Both sides of the Columbia Gorge would benefit from “rational federal management,” said Multnomah County Executive Don Clark said today. He announced plans to form a committee to ask Congress to designate the Gorge as a national scenic area. — The Dalles Chronicle

(1979) Side by side they sit, arms entwined and hair a bit tousled as they gaze straight ahead. Each sports a costume of brightly colored and freshly pressed sewn-on clothes. At the Edna Ransier home in White Salmon, Raggedy Anns and Raggedy Andys crowd into place on a sofa in Ransier’s mini toy shop. “I love to make the toys,” said Ransier, who began stitching the soft, cuddly creatures five years ago.

This is the busiest time of the year for Ransier, who spends her days cutting doll patterns, sewing seams and rapidly working yarn over crocheting needles. Ransier give Dottie Blake, owner of Das Kinder Haus in White Salmon, credit for her newfound hobby. She says it was Blake who encouraged her five years ago to take up her needles and thread. Shortly before, Ransier’s husband had passed away. “I thought it’d keep my mind occupied,” she said. While Ransier talked, she pointed to an Ann and Andy pair dressed in matching yellow gingham outfits. “Those are for my daughter,” she said. “The daughter has a family of her own.” — White Salmon Enterprise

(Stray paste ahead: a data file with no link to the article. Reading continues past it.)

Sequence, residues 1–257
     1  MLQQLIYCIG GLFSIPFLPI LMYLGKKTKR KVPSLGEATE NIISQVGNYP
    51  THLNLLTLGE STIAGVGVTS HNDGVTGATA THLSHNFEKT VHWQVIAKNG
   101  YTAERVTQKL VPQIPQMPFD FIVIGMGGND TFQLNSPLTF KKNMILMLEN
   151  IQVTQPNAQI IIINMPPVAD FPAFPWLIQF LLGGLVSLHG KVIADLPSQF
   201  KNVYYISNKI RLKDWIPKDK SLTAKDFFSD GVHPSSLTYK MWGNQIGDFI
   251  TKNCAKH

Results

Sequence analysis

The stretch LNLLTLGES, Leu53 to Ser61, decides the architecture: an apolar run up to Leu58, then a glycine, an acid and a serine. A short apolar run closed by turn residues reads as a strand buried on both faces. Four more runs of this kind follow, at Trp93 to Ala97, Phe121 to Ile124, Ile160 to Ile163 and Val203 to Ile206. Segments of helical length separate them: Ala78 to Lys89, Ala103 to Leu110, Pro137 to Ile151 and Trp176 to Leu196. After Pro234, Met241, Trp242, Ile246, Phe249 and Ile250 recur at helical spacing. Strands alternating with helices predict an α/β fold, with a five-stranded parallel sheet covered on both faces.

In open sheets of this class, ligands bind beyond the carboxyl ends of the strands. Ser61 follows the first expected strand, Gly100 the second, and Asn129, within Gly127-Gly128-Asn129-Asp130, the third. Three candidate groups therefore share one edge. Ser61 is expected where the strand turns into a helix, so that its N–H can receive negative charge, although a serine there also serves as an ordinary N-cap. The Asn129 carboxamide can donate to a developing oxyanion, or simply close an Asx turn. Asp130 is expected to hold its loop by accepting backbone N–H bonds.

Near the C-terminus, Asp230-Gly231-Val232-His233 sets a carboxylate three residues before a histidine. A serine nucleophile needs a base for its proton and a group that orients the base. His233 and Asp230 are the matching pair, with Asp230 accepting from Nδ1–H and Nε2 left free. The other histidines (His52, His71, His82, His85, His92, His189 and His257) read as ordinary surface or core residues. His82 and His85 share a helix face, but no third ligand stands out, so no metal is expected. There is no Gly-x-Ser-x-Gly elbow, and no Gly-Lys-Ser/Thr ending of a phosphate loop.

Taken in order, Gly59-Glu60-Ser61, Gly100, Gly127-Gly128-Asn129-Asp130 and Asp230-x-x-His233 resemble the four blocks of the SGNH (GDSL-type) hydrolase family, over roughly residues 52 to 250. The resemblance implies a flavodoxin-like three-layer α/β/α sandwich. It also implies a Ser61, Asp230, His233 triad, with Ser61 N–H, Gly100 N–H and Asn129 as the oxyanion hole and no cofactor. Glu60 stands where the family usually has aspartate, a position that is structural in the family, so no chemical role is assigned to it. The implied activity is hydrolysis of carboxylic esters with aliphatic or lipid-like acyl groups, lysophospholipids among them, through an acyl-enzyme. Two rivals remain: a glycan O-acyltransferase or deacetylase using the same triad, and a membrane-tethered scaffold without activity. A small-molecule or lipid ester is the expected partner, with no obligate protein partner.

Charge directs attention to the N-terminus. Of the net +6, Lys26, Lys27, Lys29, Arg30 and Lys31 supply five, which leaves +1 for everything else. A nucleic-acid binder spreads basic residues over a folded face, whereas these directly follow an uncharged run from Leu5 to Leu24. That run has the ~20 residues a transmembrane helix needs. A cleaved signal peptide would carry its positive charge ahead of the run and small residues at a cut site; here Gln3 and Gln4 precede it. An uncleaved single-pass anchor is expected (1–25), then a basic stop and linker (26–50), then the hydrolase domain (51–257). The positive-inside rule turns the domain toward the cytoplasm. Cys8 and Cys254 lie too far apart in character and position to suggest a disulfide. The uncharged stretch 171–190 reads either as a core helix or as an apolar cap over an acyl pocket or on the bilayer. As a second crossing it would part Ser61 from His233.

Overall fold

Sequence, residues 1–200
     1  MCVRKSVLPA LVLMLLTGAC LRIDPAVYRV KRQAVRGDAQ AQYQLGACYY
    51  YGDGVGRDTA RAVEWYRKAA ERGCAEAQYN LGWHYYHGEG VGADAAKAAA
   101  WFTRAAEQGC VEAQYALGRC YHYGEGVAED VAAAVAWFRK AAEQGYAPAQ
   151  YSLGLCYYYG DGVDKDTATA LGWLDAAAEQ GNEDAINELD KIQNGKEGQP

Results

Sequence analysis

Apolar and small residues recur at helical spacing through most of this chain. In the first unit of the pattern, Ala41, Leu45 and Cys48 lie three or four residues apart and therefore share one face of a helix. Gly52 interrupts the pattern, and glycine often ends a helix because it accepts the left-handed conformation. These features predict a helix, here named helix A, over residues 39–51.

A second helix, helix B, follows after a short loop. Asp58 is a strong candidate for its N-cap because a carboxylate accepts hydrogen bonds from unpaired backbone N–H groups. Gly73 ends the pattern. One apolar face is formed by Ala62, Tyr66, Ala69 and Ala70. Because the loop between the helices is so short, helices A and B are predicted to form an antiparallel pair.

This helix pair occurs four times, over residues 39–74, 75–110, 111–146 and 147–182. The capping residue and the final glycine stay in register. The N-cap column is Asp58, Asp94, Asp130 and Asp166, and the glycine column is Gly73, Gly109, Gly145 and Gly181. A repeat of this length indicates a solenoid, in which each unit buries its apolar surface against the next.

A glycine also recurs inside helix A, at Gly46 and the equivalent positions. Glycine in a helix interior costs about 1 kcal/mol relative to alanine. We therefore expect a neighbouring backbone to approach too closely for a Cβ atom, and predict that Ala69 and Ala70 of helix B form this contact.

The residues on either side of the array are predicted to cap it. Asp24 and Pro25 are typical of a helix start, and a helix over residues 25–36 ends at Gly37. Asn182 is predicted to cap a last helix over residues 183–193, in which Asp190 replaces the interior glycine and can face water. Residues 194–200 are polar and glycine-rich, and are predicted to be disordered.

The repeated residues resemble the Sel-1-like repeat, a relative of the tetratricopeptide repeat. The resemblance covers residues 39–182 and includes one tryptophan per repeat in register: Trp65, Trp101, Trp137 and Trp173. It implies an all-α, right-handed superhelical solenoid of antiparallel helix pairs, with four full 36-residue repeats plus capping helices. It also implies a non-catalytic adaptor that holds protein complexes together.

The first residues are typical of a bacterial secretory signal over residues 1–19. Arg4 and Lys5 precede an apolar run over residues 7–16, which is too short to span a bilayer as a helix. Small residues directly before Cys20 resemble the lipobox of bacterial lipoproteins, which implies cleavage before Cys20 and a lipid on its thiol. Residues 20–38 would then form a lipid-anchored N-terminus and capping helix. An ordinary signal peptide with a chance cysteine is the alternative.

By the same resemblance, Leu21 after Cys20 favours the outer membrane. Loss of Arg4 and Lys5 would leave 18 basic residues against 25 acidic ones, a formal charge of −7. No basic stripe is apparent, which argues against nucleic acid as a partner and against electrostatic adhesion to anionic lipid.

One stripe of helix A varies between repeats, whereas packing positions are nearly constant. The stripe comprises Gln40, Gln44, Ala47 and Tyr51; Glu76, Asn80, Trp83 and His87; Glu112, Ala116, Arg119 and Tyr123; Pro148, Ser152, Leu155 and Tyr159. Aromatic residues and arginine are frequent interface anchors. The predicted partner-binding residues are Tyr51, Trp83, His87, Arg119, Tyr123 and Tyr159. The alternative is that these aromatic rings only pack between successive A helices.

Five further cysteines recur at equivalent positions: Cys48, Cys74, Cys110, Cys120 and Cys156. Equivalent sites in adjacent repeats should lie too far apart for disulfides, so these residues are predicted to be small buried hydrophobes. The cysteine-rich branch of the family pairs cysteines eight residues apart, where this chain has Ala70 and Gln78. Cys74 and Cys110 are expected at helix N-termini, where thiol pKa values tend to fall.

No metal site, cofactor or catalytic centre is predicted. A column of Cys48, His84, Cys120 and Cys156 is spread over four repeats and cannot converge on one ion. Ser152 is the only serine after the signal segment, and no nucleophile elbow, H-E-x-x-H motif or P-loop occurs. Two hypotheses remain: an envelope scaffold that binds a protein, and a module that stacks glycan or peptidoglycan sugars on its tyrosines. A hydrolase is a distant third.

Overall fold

2000 — 20 Years Ago

MOSIER — Songs of patriotism filled the Mosier School gymnasium Wednesday. It was music day at Mosier School. That made it the perfect opportunity to honor the community’s veterans, a few days after the official Veterans Day observance. Fourteen men and women who served the country in World War II, Korea and Vietnam attended the ceremony. The veterans and about 25 community members joined the students in singing “America the Beautiful” and “Star Spangled Banner,” under direction of music teacher Sydney Stevens. — Hood River News

Scenic area stakeholders cleared the air with regard to the level they want to be involved in the development of the Columbia River Gorge National Scenic Area’s air quality work plan. The lack of involvement by county commissioners at the very start of the process was a major sticking point. — The Dalles Chronicle

The process of rejuvenation continues for the Port of Klickitat, and the result is slowly bringing a long anticipated economic boom to the west end of Klickitat County. Earlier this month, for example, the Port opened its “Building 1-B,” a new 9,750 square foot building just south of its exist 11,520 square foot “Building 1-A.” Even before Building 1-B was officially opened, the entire space had been claimed by Innovative Composites Engineering (ICE), who had occupied a relatively cramped 6,400 square foot space in Building 1-A for the past four years. “Once word got out, the new building was up and running, I’ve heard from more people than I have space for,” said Dianne Sherwood, executive director for the Port of Klickitat. — White Salmon Enterprise